If you paid to register a Power of Attorney in England or Wales between 1 April 2013 and 31 March 2017, you're owed a refund of up to £54.
Under a new Government scheme, those who paid a registration fee for a Lasting Power of Attorney in that period can apply for a partial refund as they were charged more than was necessary.
A Lasting Power of Attorney is a legal document which allows you, while you still have the mental capacity to do so, to nominate a trusted friend or relative to look after your affairs if you lose capacity.
There are two types of Power of Attorney, one for finance and property and another for health and welfare. Some will have registered both and so can claim a refund of up to £108.
The Ministry of Justice told MoneySavingExpert.com that 1.7 million applications could be affected. It's not clear exactly how many people are owed a refund, as some will have registered more than one Power of Attorney, but it's likely to be a million or more.
For full info on how a Power of Attorney works and why you should get one, see our Power of Attorney guide.
Why is the money being refunded?
When you register a Power of Attorney, you're charged an application fee, set by the Ministry of Justice and paid to the Office of the Public Guardian.
Between 2013 and 2017, the operating costs of the Office of the Public Guardian decreased, but the application fee stayed the same, at £110. As the fee is simply supposed to cover operating costs, the Government's now repaying the difference between what applicants paid and what they should have paid, plus interest.
On 1 April 2017, the application fee for registering a Power of Attorney was reduced from £110 to £82. If you applied after that date, you can't reclaim.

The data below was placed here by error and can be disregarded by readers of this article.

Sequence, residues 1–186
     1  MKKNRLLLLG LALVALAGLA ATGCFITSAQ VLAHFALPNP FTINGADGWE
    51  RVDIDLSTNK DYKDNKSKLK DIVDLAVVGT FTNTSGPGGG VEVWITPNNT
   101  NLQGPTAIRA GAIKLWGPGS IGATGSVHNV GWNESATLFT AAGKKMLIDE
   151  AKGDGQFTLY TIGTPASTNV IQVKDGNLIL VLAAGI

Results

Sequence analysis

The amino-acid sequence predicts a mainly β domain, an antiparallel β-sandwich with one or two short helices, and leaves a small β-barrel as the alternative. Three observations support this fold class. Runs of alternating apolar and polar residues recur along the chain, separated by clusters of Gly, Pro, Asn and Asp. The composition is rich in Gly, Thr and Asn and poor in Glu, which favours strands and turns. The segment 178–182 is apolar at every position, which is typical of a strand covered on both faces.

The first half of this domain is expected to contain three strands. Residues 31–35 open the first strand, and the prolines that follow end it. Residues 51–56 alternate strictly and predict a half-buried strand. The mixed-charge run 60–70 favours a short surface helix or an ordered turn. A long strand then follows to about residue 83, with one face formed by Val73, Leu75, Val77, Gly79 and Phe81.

How much can I reclaim?
How much you can reclaim depends on when you paid for the Power of Attorney, and whether you paid the full registration fee or the half-price fee, which is offered to those with an income of less than £12,000 a year or who are on certain benefits:
Refund for each Power of Attorney
|When you paid the fee||Refund if you paid the FULL fee||Refund if you paid the half-price fee|
|April to September 2013||£54||£27|
|October 2013 to March 2014||£34||£17|
|April 2014 to March 2015||£37||£18.50|
|April 2015 to March 2016||£38||£19|
|April 2016 to March 2017||£45||£22.50|
The Government says the refund figures above include 0.5% annual interest, which is HM Revenue & Customs' standard rate when repaying overpaid tax.
Some people on certain means-tested benefits will not have paid to register a Power of Attorney and so will not be eligible for the refund.
How to claim a refund
You can make a claim if you were the donor (the person who made the Power of Attorney) or the attorney (the person appointed by the donor) – but the refund will be paid to the donor. You can claim a refund even if the Power of Attorney has been used. The deadline for applying is 31 January 2021.
To apply, you can claim a refund online or phone the Office of the Public Guardian's helpline on 0300 456 0300 and select option six. You don't need the Power of Attorney document itself, but you will need:
- The donor's name, address and date of birth
- Their UK bank account number and sort code
- The name of one of the attorneys on the Power of Attorney
Here are the other need-to-knows:
- You only need to make one claim for each donor – even if you've made multiple Powers of Attorney.
- It can take up to 12 weeks for your claim to be processed and paid.
- If your claim is refused and you want to appeal the decision you can call the refunds helpline.
- If the donor doesn't have a UK bank account or you're a court-appointed deputy, you'll have to apply by phone.
- You can also claim for an Enduring Power of Attorney if you registered it in the relevant period. The Lasting Power of Attorney replaced the Enduring Power of Attorney on 1 October 2007, but it's possible someone could have drafted the latter before the cut-off date and registered it during the refund period – and so would be eligible.
If the donor has died you can still claim but you will need:
- Their death certificate
- A grant of representation (such as a grant of probate or letters of administration) or a will
You can email these, along with your contact details, to email@example.com, or send them by post to POA Refunds Team, 7th floor, Office of the Public Guardian. PO Box 16185, Birmingham, B2 2WH.
Once you've sent the documents you'll receive a call from the refunds team.